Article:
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A RECOVERING INK-STAINED WRETCH

Call me a recovering ink-stained wretch. I started out as a mush-for-brains reporter for the Kansas City Star at age 19 and ended up, 40 years later, as a business-page columnist for the Los Angeles Times.

I always wrote a good sentence, and by the time I retired I had come to know more about my specialty – insurance – than most people who sell the stuff.

That made me a good journalist. But the time had come for something different.

WHY NOT?
I CAN DO THIS

I took to woodworking, developed a love for hand tools, and one day decided to make an infill hand plane from scratch, by hand. Why not, I thought. I can do this.

 

Lo and behold, my first plane, crude as it was, cut a lovely wood shaving, so I set about making a second, and then a third and a fourth, determined to make each one better than the last. I kept at it for a full five years, sold a few here and there, and, since I made and sharpened the blades for my planes, learned a thing or two about sharp edges along the way.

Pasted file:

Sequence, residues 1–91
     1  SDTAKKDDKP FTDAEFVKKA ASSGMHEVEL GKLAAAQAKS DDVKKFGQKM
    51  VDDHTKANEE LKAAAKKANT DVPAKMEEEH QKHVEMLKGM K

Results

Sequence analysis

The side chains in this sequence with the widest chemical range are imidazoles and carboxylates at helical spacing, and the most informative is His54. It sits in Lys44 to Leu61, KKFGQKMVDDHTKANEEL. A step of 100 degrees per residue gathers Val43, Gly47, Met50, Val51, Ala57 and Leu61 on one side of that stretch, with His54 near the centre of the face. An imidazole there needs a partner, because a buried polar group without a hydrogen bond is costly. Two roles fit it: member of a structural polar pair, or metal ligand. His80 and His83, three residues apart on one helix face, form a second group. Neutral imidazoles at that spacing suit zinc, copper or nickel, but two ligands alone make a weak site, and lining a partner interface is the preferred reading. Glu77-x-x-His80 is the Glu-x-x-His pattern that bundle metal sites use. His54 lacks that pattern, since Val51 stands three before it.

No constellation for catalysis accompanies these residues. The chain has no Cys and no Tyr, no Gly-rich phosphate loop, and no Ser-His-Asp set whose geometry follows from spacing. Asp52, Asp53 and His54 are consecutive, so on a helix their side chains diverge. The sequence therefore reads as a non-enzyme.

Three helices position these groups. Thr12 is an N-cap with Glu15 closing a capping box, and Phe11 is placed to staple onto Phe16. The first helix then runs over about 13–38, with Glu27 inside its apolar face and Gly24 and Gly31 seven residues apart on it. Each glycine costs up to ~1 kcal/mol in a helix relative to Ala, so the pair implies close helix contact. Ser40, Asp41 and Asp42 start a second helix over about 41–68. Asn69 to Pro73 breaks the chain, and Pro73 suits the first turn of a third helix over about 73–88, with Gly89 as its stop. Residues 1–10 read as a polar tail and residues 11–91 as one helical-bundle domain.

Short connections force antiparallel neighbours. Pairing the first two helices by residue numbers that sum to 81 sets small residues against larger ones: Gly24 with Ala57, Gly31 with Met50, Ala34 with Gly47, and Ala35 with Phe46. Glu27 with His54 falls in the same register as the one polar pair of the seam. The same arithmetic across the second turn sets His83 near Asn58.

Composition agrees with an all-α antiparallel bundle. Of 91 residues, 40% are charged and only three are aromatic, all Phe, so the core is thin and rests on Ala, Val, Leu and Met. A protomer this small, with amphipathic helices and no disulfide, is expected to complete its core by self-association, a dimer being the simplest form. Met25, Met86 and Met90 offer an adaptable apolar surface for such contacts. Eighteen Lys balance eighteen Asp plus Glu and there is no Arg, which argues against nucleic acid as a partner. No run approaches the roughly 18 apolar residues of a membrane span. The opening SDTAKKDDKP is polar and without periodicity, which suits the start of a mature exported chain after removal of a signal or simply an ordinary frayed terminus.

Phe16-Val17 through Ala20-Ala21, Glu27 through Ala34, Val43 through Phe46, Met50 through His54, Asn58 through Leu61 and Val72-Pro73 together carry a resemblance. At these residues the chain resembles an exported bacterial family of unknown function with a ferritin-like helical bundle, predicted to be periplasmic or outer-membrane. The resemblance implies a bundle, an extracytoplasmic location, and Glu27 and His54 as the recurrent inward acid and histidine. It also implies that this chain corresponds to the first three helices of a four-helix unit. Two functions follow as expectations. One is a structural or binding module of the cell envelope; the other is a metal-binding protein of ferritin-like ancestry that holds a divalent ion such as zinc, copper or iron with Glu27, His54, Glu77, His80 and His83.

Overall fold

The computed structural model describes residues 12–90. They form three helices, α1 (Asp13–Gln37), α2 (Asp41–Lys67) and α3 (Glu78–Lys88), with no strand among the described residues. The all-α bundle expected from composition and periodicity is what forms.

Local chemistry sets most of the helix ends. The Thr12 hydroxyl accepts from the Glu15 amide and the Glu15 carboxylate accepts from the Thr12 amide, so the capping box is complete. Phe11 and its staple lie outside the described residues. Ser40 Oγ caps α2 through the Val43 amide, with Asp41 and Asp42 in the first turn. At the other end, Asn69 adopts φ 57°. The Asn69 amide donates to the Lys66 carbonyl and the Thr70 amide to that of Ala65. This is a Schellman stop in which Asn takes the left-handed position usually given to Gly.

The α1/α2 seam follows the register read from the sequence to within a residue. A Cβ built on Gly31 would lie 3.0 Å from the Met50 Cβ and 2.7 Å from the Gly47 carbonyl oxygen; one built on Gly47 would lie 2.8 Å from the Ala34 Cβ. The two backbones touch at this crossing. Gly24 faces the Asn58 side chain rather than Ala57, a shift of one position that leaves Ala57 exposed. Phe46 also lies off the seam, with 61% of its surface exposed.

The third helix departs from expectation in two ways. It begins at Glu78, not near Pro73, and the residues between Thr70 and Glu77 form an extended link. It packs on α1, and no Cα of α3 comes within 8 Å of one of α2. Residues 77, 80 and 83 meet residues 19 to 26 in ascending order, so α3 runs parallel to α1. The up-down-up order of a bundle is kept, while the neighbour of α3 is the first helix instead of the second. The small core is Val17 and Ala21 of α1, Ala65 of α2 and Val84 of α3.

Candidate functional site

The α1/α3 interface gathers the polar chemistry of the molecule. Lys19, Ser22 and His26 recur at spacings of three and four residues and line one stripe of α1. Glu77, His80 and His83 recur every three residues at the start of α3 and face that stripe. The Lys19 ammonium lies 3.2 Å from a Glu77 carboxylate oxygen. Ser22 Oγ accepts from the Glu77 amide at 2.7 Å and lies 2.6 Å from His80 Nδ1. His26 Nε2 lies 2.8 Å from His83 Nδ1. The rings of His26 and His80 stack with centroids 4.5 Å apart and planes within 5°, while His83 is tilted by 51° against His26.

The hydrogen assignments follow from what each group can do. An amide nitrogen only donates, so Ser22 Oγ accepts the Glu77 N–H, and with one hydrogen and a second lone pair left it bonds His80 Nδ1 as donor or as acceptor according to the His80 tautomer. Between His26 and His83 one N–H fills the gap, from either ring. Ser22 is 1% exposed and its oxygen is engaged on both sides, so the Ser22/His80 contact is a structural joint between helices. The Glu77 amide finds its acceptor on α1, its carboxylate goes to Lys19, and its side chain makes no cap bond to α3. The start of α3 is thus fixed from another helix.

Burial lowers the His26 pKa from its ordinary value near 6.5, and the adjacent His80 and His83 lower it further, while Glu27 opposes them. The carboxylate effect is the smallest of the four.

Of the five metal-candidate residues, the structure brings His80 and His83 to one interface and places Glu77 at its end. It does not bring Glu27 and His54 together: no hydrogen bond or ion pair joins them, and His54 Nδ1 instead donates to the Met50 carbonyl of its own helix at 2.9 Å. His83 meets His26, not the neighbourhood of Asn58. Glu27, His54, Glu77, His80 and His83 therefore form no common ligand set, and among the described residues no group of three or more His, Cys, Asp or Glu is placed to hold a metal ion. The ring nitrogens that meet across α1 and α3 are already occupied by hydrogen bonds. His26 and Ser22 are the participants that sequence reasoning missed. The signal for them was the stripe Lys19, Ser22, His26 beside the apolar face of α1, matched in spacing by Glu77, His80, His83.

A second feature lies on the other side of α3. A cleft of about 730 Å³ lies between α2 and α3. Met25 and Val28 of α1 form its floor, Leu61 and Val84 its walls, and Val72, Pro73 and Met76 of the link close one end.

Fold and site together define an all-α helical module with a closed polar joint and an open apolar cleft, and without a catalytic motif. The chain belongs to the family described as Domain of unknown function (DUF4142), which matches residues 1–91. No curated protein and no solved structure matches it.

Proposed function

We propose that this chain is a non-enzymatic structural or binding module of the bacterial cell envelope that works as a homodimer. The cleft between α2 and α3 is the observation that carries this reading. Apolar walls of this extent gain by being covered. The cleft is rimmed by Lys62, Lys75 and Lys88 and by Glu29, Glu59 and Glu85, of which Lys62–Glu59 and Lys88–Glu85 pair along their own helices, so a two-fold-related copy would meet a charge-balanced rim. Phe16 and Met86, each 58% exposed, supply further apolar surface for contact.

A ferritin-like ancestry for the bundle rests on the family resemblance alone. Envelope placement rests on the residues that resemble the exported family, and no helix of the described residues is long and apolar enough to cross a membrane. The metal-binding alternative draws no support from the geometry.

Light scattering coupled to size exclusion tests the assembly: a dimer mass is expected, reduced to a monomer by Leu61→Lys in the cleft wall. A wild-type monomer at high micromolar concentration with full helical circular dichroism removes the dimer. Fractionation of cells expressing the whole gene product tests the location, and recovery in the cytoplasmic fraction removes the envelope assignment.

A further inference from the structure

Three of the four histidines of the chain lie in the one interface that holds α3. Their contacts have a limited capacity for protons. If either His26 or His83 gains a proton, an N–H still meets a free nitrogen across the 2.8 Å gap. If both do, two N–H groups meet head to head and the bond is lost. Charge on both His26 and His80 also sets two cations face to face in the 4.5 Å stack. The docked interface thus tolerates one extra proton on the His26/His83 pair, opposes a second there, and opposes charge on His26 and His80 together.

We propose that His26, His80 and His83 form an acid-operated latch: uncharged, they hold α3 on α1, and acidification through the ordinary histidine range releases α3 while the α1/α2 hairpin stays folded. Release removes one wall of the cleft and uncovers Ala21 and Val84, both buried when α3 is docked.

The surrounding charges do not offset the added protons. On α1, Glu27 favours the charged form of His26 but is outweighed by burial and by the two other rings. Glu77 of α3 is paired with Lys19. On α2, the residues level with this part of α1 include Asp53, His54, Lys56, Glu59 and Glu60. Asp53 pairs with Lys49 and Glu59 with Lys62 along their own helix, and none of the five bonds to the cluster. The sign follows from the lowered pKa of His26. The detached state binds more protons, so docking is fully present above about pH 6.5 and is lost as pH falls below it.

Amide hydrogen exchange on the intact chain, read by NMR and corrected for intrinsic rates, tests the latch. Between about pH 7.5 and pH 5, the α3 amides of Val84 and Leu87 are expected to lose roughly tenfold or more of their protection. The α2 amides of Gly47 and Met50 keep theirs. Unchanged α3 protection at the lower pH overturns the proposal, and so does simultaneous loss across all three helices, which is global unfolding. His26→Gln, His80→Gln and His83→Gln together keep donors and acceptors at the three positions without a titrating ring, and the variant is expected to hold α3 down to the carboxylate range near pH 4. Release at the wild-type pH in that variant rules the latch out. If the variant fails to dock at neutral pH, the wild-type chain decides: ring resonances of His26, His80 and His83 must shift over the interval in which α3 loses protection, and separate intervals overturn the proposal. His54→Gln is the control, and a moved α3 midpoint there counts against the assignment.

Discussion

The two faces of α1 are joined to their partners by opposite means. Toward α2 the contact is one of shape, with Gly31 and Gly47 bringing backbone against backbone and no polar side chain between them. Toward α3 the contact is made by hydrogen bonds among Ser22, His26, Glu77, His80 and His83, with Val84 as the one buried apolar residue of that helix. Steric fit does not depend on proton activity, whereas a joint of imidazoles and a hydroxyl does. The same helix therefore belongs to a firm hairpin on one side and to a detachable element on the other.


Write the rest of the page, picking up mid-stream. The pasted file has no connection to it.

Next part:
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TOO SHARP

Then the woman who cuts what remains of my hair asked whether I could sharpen her salon shears. I could, of course. Indeed, I made her shears so sharp that she ordered me to dull them down.

 

I was soon doing the same for hair stylists and barbers all over Santa Maria, where I live. But truth be told, salon shears and clipper blades bore me. I like knives – the ultimate hand tool, really – and these days I sharpen salon shears, garden tools and the like only under protest.

A SIMPLE THING DONE RIGHT

 I do a simple thing. I sharpen knives.

I do it well.

I’d be delighted to sharpen yours.